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The future of print is digital – and its here now

Esquire Magazine's eInk cover

So I finally manage to get my hands on the latest October issue of the American version of Esquire Magazine that hosts the world’s first eInk cover, with moving words and flashing images.

The 75th Anniversary limited edition issue of Esquire Magazine seems to be as rare as hen’s teeth as my colleague scoured the streets of New York to apprehend me a copy and then FedEx it over to me.

Electronic Ink (eInk) is what this is apparently called and the cover has a couple of little paper thin screens, along with a circuit board and battery between the fold. Apparently they cost about $12 each to produce, but this will dramatically fall in price very soon as production ramps up. You can find out more here.

Ford chose to be the first advertiser to take advantage of this new medium and have an animated lightshow behind a photograph of their Flex vehicle on the inside cover.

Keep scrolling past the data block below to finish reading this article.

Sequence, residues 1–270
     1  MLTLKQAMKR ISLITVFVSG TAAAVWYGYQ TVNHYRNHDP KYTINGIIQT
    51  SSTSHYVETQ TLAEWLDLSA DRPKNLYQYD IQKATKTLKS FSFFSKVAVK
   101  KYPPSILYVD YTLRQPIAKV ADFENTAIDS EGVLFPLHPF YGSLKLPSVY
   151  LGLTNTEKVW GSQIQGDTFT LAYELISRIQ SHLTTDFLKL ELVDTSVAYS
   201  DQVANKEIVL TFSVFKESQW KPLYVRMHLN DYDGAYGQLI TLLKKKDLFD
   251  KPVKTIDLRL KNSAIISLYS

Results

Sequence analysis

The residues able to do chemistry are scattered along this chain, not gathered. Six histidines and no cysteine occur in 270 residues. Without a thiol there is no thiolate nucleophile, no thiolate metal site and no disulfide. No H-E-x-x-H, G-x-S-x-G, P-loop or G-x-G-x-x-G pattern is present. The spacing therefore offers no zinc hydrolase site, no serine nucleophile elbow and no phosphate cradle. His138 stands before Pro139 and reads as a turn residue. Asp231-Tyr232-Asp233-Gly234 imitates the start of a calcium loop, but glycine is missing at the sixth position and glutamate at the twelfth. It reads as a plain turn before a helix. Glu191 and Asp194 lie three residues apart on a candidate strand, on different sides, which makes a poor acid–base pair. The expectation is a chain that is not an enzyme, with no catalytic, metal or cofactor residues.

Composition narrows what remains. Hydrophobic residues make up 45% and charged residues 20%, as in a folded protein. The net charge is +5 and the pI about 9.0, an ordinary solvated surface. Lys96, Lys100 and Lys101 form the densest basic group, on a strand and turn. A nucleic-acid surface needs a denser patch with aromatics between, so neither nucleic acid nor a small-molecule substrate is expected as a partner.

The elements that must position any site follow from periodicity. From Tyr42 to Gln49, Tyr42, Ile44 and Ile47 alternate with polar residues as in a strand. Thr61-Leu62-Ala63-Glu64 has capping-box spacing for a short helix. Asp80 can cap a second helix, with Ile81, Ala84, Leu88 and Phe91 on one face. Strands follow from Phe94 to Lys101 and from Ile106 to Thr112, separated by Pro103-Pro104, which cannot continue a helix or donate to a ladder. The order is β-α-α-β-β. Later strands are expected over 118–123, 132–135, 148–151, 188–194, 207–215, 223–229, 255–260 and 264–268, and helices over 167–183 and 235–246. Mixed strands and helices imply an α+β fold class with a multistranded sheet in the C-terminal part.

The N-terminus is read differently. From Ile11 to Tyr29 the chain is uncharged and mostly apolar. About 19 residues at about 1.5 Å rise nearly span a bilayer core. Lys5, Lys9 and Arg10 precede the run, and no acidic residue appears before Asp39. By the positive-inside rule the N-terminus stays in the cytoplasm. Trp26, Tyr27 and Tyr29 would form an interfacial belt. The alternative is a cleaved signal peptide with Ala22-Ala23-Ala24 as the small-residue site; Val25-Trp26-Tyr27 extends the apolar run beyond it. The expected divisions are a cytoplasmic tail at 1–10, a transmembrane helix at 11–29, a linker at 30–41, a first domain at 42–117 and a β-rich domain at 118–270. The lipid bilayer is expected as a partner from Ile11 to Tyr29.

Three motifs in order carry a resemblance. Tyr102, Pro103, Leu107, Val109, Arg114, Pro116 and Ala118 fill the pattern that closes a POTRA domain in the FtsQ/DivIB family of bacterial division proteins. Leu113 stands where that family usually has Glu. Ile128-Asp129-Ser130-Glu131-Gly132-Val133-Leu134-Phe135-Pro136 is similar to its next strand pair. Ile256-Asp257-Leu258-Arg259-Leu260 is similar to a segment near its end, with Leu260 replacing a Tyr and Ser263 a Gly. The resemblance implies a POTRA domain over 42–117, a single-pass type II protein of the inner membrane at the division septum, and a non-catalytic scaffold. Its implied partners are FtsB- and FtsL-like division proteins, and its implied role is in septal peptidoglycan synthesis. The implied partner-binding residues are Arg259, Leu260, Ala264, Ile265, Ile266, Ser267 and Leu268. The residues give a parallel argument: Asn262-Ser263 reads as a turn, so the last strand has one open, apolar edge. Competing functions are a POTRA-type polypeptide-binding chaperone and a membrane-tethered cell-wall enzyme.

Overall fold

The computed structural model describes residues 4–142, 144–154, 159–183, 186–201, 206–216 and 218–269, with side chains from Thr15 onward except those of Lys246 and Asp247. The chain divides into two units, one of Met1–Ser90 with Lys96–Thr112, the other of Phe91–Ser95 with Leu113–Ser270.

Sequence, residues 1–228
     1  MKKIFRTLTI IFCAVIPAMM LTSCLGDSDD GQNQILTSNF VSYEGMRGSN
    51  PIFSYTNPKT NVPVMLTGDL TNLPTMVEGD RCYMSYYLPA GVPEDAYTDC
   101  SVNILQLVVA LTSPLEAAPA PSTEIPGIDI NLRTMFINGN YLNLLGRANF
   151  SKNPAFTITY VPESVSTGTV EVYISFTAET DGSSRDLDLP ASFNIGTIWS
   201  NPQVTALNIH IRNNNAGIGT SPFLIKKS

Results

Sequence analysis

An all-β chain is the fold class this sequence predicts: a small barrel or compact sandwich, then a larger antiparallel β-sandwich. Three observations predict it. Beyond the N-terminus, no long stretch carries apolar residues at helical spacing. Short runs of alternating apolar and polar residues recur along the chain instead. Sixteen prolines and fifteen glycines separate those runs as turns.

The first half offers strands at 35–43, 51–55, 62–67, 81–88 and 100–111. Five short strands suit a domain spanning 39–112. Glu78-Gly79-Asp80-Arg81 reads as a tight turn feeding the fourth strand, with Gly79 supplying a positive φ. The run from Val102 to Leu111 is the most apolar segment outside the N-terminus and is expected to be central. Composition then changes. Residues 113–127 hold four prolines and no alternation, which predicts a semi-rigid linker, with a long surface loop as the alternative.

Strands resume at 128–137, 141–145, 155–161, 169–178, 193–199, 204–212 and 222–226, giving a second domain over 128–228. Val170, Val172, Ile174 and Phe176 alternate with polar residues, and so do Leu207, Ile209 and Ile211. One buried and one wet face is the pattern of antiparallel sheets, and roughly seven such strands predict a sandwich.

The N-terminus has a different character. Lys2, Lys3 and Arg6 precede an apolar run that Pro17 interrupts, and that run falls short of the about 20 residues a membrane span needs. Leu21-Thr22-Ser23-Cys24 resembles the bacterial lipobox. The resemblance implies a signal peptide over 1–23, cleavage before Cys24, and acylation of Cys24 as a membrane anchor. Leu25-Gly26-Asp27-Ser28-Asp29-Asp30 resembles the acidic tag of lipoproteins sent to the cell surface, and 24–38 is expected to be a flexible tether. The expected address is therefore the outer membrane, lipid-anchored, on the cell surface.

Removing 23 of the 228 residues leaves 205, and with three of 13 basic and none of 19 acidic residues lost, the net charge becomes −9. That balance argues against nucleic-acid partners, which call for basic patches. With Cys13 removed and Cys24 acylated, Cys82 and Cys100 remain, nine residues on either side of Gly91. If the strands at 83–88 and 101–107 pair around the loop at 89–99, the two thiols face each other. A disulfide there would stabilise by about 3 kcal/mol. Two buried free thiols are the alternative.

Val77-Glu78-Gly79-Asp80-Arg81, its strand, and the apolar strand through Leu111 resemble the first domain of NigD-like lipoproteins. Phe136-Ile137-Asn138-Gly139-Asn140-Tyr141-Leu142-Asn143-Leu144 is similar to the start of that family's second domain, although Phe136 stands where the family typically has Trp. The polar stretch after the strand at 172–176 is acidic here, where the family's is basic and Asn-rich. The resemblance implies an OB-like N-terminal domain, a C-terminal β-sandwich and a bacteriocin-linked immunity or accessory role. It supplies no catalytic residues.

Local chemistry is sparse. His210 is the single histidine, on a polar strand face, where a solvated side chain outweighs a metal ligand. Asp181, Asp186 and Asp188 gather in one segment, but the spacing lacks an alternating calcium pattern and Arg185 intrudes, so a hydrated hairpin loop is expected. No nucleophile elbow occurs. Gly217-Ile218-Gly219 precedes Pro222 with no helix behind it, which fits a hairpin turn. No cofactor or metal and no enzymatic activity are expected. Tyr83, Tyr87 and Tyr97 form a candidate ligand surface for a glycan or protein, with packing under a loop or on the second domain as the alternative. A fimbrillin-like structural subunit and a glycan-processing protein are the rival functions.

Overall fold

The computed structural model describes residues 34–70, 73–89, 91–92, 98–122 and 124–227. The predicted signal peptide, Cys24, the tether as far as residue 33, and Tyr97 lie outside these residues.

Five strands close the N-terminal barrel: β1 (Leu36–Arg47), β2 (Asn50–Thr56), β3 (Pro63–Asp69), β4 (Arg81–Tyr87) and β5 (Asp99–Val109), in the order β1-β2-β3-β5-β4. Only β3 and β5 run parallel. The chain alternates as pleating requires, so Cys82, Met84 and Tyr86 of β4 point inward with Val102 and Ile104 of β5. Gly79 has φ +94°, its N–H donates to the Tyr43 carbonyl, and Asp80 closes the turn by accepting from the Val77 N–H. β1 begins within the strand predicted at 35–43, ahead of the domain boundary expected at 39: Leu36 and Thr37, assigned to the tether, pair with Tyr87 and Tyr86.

In truth it looks more like an animated gif then full-on video, but you can imagine a box of Frosties have Tony the Tiger screaming ‘They’re great’ from cereal boxes in Tesco’s before long.

No doubt full on video and audio followed by wireless connectivity will enable us to have magazines of the future fully animated and updateable and will offer a whole new concept for online publishers. One thing’s for sure, our world is changing at an alarming rate.

Whilst we wait for that, and for the rest of you unable to get your hands on a copy, here’s a short video overview of my latest prize possession that you can fully expect will accompany me to every presentation here forth… well, until the battery runs out (in 90 days!)

Hmmm, maybe I should keep it in the fridge to preserve it?!

[youtube=http://www.youtube.com/watch?v=kPvWatDFjX0]


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The freedoms of the British people are in real danger